The sacrosanct line, which divides private property from common property, gets strangely erased when it comes to kuins. To each their own kuin; everyone has the right to construct a kuin and use its water. However, the kuin is constructed on land which is the collective property of the village. The rain which falls there remains throughout the year in the form of humidity and it is this humidity which feeds the kuins throughout the year. The amount of humidity present is determined by the amount of rainfall. Constructing a kuin in that area means sharing the humidity present there and that is why, though the kuin is a private property, since it is constructed on collective property, it falls under the control of the village society. It is only in case of dire necessity that permission is granted to build a new kuin. Each day the kuin reinforces the meaning of the well-known proverb about the goose with the golden egg: throughout the day only 2 to 3 pots of sweet water can be drawn from the kuin. That is why, every day, at dusk, when the cows come back home raising dust, the village assembles around the kuins and it looks as if a mela (fair) is on. In the plain adjoining the village, the sound of the pulleys of the 30 to 40 kuins, turning at the same time mingles with that of the bells of the cattle returning from the grazing grounds. After 2 to 3 pots are filled up the bucket and ropes are kept back, the kuins are covered again. Throughout the night and throughout the next day the kuins will rest. It is not as if gypsum layers are present under the sand throughout Rajasthan; that is why kuins are not to be found everywhere. However a gypsum layer does run through Churu, Bikaner, Jaisalmer and Badmer: that is why, in these districts, kuins are to be found in each village. In fact, in the district of Jaisalmer, in the village named Khadedo Ki Dhani there were 120 kuins. People used to call this village cha-bisi (six times twenty). At places the kuins are called par and several villages of Jaisalmer and Badmer owe their existence to these pars which explains why several villages have the suffix par attached to their name: Janare Alo Par, Sirgu Ah Par. The name of the gypsum layer can change from place to place. Somewhere it is called charoli and somewhere else dhandbro or dhardharo. Somewhere it is bittoo ro balliyo and elsewhere it is just khadi. And it is on the strength of this khadi that in the midst of a salty water region, the kuin gives sweet water.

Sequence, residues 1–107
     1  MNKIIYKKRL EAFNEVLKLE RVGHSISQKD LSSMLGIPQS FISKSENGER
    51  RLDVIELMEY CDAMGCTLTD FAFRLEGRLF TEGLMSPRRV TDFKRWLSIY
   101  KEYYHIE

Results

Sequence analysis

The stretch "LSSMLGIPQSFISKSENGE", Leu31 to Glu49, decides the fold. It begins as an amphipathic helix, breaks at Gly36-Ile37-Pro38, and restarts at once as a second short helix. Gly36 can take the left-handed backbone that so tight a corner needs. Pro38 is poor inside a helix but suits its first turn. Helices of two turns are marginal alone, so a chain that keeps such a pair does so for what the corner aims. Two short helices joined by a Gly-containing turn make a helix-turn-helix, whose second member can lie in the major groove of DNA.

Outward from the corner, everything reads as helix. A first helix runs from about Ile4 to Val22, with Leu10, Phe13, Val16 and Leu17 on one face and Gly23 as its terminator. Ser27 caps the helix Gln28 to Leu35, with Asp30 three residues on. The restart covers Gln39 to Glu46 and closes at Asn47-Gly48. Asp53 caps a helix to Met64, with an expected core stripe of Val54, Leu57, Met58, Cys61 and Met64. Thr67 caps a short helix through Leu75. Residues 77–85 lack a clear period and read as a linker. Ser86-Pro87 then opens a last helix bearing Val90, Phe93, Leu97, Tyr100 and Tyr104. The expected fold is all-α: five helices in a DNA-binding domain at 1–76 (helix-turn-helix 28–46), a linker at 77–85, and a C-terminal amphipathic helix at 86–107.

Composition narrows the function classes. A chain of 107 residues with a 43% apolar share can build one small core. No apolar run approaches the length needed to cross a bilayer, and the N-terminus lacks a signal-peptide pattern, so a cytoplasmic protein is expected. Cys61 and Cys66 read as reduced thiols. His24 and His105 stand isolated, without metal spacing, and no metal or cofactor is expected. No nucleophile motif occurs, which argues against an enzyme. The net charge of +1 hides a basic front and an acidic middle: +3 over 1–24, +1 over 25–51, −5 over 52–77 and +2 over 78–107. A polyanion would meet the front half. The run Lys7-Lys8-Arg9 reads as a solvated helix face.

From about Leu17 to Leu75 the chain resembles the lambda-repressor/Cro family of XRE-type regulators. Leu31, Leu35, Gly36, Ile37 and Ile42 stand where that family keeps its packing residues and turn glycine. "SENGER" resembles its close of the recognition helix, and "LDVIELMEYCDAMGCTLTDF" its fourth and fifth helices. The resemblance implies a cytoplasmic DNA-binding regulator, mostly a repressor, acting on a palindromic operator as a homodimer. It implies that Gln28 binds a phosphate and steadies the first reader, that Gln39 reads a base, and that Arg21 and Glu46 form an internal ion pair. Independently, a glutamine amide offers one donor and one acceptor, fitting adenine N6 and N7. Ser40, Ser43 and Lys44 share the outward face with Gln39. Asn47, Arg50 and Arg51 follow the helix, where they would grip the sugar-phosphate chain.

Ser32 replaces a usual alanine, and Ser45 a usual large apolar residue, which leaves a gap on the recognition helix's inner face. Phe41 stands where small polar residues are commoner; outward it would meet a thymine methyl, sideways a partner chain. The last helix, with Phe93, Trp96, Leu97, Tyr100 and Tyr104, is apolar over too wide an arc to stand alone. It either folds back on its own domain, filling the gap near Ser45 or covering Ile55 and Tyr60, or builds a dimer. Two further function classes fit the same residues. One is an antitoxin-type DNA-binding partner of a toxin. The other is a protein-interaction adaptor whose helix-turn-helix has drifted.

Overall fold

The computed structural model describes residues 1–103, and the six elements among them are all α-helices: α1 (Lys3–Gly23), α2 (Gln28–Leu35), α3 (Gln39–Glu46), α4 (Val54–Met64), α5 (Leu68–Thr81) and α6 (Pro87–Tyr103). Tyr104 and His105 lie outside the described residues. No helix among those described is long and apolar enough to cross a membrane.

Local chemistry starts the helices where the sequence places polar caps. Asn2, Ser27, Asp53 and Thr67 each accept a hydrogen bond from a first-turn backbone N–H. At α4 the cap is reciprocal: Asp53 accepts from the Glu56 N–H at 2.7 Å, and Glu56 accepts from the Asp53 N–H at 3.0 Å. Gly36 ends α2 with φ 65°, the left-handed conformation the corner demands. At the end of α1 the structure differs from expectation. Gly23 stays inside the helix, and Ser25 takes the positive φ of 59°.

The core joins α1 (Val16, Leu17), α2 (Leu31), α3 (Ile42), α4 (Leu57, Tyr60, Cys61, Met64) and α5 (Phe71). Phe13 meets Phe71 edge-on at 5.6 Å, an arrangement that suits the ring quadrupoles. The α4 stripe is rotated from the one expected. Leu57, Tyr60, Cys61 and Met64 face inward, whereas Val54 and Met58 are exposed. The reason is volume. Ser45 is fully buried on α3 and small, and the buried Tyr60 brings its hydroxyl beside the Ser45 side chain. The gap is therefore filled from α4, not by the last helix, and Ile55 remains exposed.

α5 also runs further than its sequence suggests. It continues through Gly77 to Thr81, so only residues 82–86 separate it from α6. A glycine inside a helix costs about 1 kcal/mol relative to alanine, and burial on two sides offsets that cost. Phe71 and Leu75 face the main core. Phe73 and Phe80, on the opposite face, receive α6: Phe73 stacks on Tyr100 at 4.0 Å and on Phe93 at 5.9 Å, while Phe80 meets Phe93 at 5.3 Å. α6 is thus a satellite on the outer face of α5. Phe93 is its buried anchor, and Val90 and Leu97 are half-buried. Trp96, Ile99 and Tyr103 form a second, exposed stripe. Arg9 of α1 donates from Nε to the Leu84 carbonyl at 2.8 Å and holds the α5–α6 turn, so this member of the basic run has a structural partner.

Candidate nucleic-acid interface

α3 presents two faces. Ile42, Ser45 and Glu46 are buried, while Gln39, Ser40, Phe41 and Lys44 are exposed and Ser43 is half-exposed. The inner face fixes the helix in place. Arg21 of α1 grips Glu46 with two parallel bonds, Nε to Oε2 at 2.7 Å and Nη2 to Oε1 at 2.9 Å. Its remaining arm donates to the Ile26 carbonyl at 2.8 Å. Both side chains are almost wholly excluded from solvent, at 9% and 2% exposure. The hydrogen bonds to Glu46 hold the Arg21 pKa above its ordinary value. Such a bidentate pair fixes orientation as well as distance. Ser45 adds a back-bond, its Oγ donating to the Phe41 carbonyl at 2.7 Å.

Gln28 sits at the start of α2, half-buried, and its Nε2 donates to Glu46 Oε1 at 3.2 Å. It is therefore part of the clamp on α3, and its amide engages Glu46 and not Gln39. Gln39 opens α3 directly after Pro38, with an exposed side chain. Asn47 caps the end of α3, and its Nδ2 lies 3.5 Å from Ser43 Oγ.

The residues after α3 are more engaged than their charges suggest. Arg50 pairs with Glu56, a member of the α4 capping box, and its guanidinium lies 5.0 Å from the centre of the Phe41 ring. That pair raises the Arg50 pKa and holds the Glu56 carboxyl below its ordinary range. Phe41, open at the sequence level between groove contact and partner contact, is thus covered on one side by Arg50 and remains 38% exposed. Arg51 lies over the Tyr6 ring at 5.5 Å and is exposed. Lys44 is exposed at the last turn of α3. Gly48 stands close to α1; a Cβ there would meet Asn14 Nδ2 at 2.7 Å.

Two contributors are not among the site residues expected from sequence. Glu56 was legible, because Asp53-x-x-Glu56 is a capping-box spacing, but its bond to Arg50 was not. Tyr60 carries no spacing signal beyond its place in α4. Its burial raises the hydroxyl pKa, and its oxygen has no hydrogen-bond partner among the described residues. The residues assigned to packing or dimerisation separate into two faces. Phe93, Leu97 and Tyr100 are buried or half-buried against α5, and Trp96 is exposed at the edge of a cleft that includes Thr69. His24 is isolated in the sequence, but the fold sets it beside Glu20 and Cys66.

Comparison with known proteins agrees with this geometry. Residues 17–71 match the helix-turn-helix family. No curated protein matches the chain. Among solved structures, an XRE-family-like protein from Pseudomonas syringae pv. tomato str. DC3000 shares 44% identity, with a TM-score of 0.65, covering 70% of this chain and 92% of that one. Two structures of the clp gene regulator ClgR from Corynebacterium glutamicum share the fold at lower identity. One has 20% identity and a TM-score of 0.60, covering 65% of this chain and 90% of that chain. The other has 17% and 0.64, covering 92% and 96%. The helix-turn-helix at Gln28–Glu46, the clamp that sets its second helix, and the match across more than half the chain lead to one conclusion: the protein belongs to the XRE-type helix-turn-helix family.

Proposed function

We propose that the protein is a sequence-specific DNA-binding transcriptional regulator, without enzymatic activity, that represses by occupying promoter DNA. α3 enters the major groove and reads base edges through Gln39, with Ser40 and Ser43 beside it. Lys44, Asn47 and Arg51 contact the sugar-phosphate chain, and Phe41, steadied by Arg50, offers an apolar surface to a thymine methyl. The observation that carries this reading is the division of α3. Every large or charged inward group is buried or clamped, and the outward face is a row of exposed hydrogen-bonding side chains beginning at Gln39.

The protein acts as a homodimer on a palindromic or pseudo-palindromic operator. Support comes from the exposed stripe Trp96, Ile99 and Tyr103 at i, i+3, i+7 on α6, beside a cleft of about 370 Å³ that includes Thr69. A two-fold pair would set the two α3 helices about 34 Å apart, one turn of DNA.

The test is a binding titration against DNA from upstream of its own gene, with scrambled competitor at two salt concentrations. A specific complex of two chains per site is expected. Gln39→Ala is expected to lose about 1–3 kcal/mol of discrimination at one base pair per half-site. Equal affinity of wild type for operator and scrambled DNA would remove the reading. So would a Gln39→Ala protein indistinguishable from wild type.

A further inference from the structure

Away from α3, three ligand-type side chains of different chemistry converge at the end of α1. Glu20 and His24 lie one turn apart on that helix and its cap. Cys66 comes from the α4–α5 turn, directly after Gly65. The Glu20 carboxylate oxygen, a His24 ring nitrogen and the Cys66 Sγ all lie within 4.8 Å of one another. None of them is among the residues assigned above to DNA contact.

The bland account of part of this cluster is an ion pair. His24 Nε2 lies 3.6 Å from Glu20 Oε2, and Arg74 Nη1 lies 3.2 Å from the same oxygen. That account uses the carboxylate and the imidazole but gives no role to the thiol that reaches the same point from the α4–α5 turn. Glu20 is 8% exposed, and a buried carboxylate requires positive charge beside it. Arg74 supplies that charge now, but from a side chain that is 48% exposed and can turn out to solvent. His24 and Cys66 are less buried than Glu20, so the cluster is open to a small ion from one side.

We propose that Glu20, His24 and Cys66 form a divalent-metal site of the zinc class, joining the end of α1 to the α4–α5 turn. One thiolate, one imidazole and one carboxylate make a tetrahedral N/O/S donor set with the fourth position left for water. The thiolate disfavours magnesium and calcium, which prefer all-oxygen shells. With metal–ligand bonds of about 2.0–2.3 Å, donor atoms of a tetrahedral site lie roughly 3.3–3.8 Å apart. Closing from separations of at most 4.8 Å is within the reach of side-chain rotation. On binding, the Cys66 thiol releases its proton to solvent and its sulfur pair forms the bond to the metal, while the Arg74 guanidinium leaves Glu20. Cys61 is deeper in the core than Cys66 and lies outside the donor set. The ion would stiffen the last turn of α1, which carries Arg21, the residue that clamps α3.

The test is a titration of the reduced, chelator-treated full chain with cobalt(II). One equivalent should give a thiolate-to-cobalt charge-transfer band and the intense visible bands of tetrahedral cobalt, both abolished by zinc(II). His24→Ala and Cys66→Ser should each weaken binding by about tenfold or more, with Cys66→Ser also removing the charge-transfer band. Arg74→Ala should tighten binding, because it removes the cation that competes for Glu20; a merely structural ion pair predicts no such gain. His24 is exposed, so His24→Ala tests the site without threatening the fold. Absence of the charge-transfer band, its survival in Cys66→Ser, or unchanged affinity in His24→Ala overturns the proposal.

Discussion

4. Still Water, Pure Water Running water, pure water. In Rajasthan, .this proverb stands on very shaky grounds, for here in the kuins, water, though still, remains pure throughout the year and sometimes even more. The principle behind this is simple: to hold the drops of rain or palar water in a very clean space and stock it. Be it kund, kundi, tanka (pond, small pond, reservoir), the names and form may change, but the function is the same: to preserve for tomorrow the drops that have fallen today. Ponds are to be found everywhere. Inside the forts constructed atop mountains, in temples, at the foothills of mountains, in the courtyard of houses, on rooftops, in villages, outside the villages, in uninhabited places, in fields; everywhere, at any time, these can be made. There are kundis which are two hundred or three hundred years old and others which have just been made yesterday. And the best of all, they can also be seen under the antennae of Star T.V the symbol of cable channels.